Editorial Policy

Capital One Sued for Deceptive Credit Card Practices

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By Eva Norlyk Smith, Ph.D.
February 1, 2010

The State Attorney General of West Virginia last week filed a suit against Capital One, one of the six largest U.S. credit card issuers, alleging that the company had engaged in unfair credit card practices and collection procedures.

According to the suit, Capital One for many years has artificially inflated fee income from subprime borrowers by issuing several credit cards with low limits to cardholders instead of increasing credit limits on their card. The practice not only boosts the annual and monthly fees collected from each cardholder, cardholders juggling multiple credit cards are also more likely to slip up and make late payments or exceed the limit on one or several of their credit cards.

As much as 30 percent of Capital One’s credit card loans are issued to people with bad credit. According to a report in Business Week, while other large credit card issuers, such as CitiCards, Chase, and Bank of America also serve the subprime lending market, they do not issue multiple cards to cardholders.

“In the higher-risk market, no lender is more aggressive in offering multiple cards,” says Kathryn Crumpton, manager of Consumer Credit Counseling Service of Greater Milwaukee in a statement to BusinessWeek.

The suit filed by the West Virginia State Attorney also contends that Capital One used deceptive practices to collect credit card debt from cardholders whose debt had already been written off (and which the consumers had already taken a hit to their credit score for). The card issuer allegedly sent out bait-and-switch solicitations offering consumers a new credit card, if the consumer agreed to transfer the previously charged-off balance to the new card and pay off the balance. The practice effectively reset the statute of limitations, so that the consumer again became liable for the old debt. Capital One then issued a new credit card with as little as $1 in new credit, and began to charge interest, late fees, and over-the-limit fees on the old, previously charged-off debt.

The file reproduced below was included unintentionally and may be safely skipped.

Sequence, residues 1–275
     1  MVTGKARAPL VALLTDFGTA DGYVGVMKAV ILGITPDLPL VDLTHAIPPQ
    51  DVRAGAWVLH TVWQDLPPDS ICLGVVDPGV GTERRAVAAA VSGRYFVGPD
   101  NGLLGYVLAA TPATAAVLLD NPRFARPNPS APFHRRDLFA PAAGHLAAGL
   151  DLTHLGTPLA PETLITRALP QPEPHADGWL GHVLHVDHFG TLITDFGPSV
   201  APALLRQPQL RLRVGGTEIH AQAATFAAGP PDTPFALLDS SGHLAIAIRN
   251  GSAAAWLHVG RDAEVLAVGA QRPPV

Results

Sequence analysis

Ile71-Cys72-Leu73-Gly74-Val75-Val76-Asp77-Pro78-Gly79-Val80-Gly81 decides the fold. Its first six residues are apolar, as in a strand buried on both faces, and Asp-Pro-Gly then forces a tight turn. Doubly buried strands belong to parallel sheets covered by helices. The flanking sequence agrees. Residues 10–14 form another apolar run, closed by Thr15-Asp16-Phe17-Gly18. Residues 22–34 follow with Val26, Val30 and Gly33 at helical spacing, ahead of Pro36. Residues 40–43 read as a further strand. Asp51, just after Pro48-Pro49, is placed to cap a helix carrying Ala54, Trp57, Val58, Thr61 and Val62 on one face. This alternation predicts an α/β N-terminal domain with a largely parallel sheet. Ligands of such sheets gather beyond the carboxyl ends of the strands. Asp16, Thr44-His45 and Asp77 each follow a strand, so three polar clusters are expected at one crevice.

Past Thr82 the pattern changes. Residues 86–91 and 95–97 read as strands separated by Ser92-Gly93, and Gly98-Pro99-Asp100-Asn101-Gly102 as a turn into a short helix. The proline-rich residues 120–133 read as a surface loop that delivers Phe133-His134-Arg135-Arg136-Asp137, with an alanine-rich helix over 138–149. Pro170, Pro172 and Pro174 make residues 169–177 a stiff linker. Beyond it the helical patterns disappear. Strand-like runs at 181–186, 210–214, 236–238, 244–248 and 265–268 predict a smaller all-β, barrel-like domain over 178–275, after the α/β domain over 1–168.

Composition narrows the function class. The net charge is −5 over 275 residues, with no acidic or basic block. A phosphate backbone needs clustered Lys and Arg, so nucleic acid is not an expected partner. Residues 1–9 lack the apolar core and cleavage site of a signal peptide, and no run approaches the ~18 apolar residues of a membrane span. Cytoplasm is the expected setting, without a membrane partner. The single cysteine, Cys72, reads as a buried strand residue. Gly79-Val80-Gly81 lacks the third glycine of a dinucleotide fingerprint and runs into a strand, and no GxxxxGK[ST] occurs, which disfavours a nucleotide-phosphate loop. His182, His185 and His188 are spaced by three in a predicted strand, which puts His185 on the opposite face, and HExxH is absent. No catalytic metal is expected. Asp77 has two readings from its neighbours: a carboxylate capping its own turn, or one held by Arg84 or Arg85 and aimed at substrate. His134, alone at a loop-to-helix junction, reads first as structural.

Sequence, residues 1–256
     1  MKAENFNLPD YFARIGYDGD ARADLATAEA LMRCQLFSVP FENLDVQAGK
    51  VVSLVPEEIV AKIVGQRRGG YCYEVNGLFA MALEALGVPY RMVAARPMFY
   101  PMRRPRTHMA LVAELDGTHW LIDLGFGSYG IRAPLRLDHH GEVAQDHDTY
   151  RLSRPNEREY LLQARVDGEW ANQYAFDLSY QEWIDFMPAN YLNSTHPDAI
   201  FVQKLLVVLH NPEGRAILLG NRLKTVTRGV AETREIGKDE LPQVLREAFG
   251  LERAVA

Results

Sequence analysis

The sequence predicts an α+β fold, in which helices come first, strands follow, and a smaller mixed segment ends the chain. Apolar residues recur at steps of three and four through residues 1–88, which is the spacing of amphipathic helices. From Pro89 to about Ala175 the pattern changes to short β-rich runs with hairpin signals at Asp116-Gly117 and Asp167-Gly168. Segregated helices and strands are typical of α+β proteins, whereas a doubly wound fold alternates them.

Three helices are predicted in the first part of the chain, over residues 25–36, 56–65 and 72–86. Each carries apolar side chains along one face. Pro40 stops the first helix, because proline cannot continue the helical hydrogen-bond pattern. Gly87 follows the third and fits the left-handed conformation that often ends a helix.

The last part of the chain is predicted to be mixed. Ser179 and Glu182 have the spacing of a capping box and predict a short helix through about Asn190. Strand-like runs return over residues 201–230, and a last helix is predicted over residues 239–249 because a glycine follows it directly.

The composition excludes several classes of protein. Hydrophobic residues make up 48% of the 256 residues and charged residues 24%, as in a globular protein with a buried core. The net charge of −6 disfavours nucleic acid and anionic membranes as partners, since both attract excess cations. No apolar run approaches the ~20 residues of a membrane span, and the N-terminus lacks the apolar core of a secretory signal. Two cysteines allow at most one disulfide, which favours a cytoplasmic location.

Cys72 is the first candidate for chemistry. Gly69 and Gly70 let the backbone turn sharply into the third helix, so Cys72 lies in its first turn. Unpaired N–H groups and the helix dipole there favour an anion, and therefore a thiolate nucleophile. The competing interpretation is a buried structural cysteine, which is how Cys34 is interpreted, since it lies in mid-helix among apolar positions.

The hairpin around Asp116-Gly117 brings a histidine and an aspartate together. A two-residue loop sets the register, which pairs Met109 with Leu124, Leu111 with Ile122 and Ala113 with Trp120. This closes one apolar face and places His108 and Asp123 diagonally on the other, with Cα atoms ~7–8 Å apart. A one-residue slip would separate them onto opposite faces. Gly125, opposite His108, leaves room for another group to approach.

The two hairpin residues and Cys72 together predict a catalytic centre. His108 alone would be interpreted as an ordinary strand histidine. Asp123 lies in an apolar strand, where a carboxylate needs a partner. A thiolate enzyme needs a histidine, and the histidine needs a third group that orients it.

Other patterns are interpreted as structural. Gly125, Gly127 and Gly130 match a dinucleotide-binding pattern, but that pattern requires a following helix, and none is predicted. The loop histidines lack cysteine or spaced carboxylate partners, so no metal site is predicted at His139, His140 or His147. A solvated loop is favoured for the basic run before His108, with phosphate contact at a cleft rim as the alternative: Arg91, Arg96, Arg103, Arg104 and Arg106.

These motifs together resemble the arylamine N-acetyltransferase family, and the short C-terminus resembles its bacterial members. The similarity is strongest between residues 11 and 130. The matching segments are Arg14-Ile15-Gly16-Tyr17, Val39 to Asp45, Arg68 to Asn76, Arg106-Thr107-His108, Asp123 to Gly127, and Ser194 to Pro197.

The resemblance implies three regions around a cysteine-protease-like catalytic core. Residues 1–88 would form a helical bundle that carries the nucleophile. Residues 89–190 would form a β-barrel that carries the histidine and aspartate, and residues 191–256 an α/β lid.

According to the suit, Capital One also “unconsciousnably” assessed over-the-limit fees on subprime, low-limit credit cards and billed fees on credit cards that were never activated. The card issuer allegedly also sold credit card payment protection plans, offering to take over minimum credit card payments should a cardholder become disabled or unemployed, to people who were ineligible for the benefit.

The suit filed by the State Attorney General asks the court to stop the deceptive practices and require Capital One and other companies named in the suit to issue a refund of all excess charges and pay a $5,000 fine for each violation.

The Capital One suit is particularly interesting in light of the new credit card rules, which become effective at the end of February this year. The new credit card law clamps down on so-called fee-harvester credit cards for people with bad credit by limiting the fees subprime card issuers can charge to 25 percent of the credit limit annually. However, there are no regulations in the new law forbidding the practice of issuing multiple low-limit credit cards. As subprime card issuers look for ways to restore lost fee revenue in the wake of the new credit card rules, fee-harvesting by issuing several low-limit credit cards could become an increasingly common practice. But that, of course, will likely depend on the outcome of the West Virginia case.